American fast food chain, Sonic Corp. (NASDAQ: SONC) reported a data breach on Wednesday that may potentially affect up to nearly millions customers and their credit card information across the whole U.S.
The hack into Sonic's store payment system may have resulted in up to five million stolen credit and debit card accounts being "peddled in shadowy underground cybercrime stores," security news website KrebsOnSecurity first reported Tuesday.
According to KrebsOnSecurity, five million credit and debit cards were put up for sale on a credit card theft website earlier in September. Most of the credit cards posted on that website linked back to Sonic’s credit card information system. In the mix of the credit cards were also other companies that were hacked.
Sonic confirmed to Business Insider that the company noticed "unusual security regarding credit cards being used at Sonic.”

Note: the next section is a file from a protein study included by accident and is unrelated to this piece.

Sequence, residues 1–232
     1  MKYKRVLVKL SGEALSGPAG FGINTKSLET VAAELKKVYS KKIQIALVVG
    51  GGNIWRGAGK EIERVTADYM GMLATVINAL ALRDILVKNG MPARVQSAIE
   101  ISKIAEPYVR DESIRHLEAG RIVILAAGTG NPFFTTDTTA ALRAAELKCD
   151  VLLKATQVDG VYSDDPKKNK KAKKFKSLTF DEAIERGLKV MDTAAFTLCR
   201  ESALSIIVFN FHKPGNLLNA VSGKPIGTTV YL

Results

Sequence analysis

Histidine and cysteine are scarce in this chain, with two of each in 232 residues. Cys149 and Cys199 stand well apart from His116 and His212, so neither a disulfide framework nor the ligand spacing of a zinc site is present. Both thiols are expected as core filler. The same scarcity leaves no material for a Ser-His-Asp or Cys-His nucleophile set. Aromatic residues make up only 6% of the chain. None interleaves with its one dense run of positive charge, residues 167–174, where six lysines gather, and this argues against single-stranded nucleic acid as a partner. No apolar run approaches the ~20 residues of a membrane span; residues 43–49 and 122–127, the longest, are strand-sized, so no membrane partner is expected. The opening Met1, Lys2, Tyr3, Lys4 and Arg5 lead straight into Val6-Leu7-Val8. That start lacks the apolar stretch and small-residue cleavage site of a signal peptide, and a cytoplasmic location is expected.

"We are working to understand the nature and scope of this issue, as we know how important this is to our guests," the company said in a statement. "We immediately engaged third-party forensic experts and law enforcement when we heard from our processor. While law enforcement limits the information we can share, we will communicate additional information as we are able."
This marks yet another cyberattack within the year. One of the more notable ones is Equifax’s breach that affected 143 million citizens. The SEC also publicly disclosed a cyberattack as well, but that attack happened nearly a year before the SEC made it public.
Cyberattacks like these show giant corporations and businesses that a need for stronger cybersecurity is necessary. These cyberattacks are devastating to both the business itself and its consumers.
Sonic shares fell nearly 5 percent on Wednesday after the company publicly addressed the data breach.